A highly regarded Blount County cattleman was posthumously granted the Pioneer Award last month at the Alabama Agriculture Hall of Honor Banquet, held at the Auburn University Heritage Park.
While the award centered on Ross Debter’s success as an egg producer, he and son Glynn gained fame for their Hereford beef cattle, their Hereford farm at Horton noted for volume production of outstanding seedstock, among other successes. Both men have received numerous awards and much recognition for their progressive and innovative operations.
The following is taken directly from the banquet program booklet:
Ross Debter lived his entire life within 150 yards of his birthplace on the family farm
in Horton, Alabama. As number 13 in a family of 15 children, Debter’s genuine smile
and ability to be agreeable in all things helped as he worked on the farm and finetuned
his entrepreneurial skills. By age 12, he was buying eggs, butter, and fresh vegetables
from local farmers and marketing them to area grocery stores.
Through the years, Debter focused on opportunities to supply metropolitan customers
with fresher produce than they were currently buying. By 1942, Debter had figured out a
way to complete the farm-to-market-to-farm circuit by purchasing feed in Birmingham
and reselling it to farmers in his area. He worked with local egg producers to finance the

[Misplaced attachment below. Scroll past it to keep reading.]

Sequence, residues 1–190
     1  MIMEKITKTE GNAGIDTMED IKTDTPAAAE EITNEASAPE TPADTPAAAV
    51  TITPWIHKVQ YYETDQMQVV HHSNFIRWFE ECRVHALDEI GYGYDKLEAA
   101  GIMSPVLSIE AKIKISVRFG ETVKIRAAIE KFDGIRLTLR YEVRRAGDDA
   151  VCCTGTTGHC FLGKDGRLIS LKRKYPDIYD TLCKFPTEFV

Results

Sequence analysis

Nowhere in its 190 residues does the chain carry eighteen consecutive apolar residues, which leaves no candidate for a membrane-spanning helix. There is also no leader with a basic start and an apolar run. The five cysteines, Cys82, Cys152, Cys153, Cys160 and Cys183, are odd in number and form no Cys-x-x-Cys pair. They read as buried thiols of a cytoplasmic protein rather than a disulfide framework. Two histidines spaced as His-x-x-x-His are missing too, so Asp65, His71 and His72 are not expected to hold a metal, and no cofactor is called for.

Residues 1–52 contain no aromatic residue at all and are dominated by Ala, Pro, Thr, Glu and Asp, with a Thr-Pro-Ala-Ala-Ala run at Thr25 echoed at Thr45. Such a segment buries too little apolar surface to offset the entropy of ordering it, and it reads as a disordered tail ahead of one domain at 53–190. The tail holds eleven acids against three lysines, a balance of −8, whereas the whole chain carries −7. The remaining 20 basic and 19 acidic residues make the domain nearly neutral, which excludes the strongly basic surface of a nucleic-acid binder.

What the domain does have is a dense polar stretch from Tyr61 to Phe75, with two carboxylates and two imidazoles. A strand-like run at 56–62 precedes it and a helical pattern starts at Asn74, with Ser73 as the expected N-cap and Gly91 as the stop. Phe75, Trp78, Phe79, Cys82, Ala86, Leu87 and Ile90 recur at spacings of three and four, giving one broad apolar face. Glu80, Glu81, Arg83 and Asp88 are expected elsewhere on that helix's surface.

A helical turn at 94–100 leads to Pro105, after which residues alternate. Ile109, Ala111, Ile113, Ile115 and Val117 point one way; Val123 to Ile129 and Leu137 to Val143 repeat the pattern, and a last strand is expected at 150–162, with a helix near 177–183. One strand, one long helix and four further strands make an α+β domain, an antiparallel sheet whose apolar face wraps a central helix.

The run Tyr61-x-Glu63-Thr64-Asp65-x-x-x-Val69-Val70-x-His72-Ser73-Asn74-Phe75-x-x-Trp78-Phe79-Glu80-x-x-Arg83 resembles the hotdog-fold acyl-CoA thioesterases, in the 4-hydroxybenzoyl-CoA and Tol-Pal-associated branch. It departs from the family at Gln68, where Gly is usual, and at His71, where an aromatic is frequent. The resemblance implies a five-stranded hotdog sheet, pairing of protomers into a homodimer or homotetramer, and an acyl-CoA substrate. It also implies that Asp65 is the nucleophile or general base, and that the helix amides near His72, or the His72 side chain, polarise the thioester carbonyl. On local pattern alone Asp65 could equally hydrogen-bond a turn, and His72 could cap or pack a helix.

feed they needed until their hens started producing eggs. In addition, he would buy their
roosters to sell as fryers. During the boom times in the 1980s, Debter was using refrigerated
trucks bearing his name and delivering 2.5 million eggs every week.
The Debter family, like most other farmers, diversified their operations. Debter
Hereford Farm was founded in 1948 with 75 head of beef cattle.
Debter’s quality-first approach ensured a stable customer base from producer to consumer.
He installed the first egg cooler in north Alabama in 1954 followed soon after by his
first egg grader. Debter and his crews were collecting from their own 12,000 layers four to
five times a day to preserve quality and, in 1971, Debter set up the first modern egg production
complex in his area with four houses and more than 200,000 hens.
Active in the Alabama Poultry & Egg Association and the National Egg Company,
Debter served on boards and numerous committees within the poultry industry. In
support of Alabama producers, Debter was instrumental in working on the passage of
state legislation to ensure better eggs for consumers and a fairer market for growers.
In recognition of his dedication to the industry, Debter was inducted into the
Alabama Poultry Hall of Fame in 1980.
Ross Debter died in 2001 at age 89. He was preceded in death by his wife, Eva J.
Debter, and is survived by a son, Glynn Debter; daughter, Ann Tidwell; and five grandchildren
and 11 great-grandchildren.